Blob size \ Batch Size [TPS] 128 256 512 1024 8196 32768
100 bytes (8 clients) 67 100 63 900 55 400 55 800 23 500 Timeouted
1 kb (4 clients) 15 600 20 600 20 300 19 400 5 500 N/A
5 kb (1 client) N/A 8 300 9 200 10 000 3 000

256 rows seems like best size of the batch.

Number of Connections

The tests utilizes variable count of connections to the Cassandra cluster. Note that the batch size was 256 and consistency was set to ONE.

Blob size \ Connections [TPS] 1 2 4 8 24
100 b 27 000 53 000 75 000 62 000 62 000
1 kb 17 900 31 000 42 000 40 000
5 kb 9 000 14 600 16 000 10 300
20 kb 3 300 4 500 3 800

You can see that 2 or 4 connections per one client are enough whilst one connection slows down the overall performance.

Number of Partitions

The table contains partition key, see the CQL code snippet. The test generates variable values for the partition key. Batch size was also 256 and consistency one.

Blob size \ Partitions [TPS] 1 8 64
100 b 58 000 71 000 70 000
10 kb 13 200 9100 7 300
Partition key says where the data will reside, it defines target machine. As two nodes are involved in my tests, its better to use more than one partition.

Variable Consistency

Tuning of consistency is the most beautiful attribute in Cassandra. You can define consistency level in every aspect of the communication with cassandra driver in any language. There are different levels, see the documentation.

The test used 8 partitions, 8 connections and 256 batch size.

Blob size \ Consisency [TPS] Any One Two
100 b 67 000 66 000 66 000

Well, I’m surprised. There is almost no difference between consistency levels for such blob size despite totally different purpose or implementation. This could happen due to almost ideal environment, very fast network and machines as well.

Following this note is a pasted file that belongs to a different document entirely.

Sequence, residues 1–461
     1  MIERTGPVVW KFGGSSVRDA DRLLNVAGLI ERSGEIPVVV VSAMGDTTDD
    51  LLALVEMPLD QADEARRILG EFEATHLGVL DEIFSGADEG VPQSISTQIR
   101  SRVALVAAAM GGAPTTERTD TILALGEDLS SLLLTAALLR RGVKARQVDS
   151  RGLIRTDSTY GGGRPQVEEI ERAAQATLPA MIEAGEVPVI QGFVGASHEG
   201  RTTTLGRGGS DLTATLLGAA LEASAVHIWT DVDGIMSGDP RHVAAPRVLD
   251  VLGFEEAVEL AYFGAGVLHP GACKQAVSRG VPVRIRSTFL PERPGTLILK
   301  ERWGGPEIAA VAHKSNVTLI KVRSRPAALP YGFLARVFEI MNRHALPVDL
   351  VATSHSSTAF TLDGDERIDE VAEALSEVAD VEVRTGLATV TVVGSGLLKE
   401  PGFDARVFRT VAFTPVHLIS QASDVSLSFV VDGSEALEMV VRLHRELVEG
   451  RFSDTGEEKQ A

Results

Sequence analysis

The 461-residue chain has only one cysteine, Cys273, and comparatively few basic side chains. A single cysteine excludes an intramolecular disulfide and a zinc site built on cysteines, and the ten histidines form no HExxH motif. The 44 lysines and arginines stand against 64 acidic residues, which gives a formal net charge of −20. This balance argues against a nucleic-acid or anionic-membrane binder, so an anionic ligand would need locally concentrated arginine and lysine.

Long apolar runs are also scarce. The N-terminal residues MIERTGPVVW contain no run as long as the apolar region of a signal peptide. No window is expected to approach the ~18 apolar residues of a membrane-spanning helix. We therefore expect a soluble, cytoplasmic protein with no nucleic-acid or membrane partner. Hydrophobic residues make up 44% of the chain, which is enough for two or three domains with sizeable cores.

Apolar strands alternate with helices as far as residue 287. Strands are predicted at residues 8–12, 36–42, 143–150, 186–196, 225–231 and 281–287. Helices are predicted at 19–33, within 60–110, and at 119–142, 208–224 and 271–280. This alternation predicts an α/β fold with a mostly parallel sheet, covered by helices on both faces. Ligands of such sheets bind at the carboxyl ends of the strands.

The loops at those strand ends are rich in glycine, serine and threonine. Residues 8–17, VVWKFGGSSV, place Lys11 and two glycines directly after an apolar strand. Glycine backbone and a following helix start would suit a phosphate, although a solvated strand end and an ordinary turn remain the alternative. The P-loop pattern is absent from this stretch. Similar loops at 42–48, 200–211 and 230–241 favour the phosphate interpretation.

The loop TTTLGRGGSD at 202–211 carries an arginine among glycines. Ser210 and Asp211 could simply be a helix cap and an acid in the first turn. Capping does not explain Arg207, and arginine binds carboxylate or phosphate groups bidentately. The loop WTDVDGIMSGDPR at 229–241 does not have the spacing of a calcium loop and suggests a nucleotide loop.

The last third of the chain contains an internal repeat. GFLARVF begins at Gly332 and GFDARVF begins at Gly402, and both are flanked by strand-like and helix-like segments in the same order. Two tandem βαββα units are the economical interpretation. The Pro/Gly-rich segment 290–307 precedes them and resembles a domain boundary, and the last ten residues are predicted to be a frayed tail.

Variable Replicas

I used two replicas by default but this tests tries to reveal the price for second copy of the data.

Blob size \ Replicas [TPS] 1 2
100 b 121 000 72 000
10 kb 19 200 8 200

There is apparent penalty for second replica.

Long Running

Previous tests used a few millions of inserts/rows but the current one uses hundred of millions. This is the way how to definitely omit the advantage of various caches and clever algorithms. This simulates heavy weight load test to the server.

8 partitions, 8 connections, 256 batch size.

Blob size \ Replicas+Consistency [TPS] 1+ONE 2+ONE 2+TWO
100 b (1 billion) 121 000 63 000 62 00
10 kb (30 m) 8 200

Large Messages

The largest message in these tests has 20 kb so far, but what is the behavior when our app would meet some large file as a attachment?
Consistency One, 2 partitions, 2 connections, 2 batch size.

Blob size  [TPS]
500 kb 90
5 mb 9.5

Occupied Space

Apache Cassandra automatically enables compression since 1.1 version.

Blob size \ [Occupied space in bytes per message]
100b 89b

Here is the structure of serialized entity.

CREATE COLUMNFAMILY recording (
    PARTKEY INT,
    ID uuid,
    VS_ID uuid,
    URL ascii,
    MESSAGE_TIME bigint,
    DATA blob,
    PRIMARY KEY((PARTKEY, VS_ID), ID)
);

Conclusion

This kind of testing is almost opposite in comparison to neflix tests. They analyzed scalability but we have done testing of simple cluster having two machines only. We need to figure out the performance of one node (obviously in cluster deployment).
I was impressed as the numbers above are good, the overall throughput on the network reached hundred mbps coming out from one client. 
What next. Same kinds of tests agains Kafka, Redis, Couchbase, Aerospike, Couchbase.

2 thoughts on “Performance Battle of NoSQL blob storages #1: Cassandra

  1. Thanks for nice desc; i doubt though when you say batch means all the data size in batch or one val size of key)? if i want to store 1GB of blob into value of one key how does cassandra behave ? first how will we push one GB data into cassandra for one key CQL is failing while doing that. thx in advance

    Like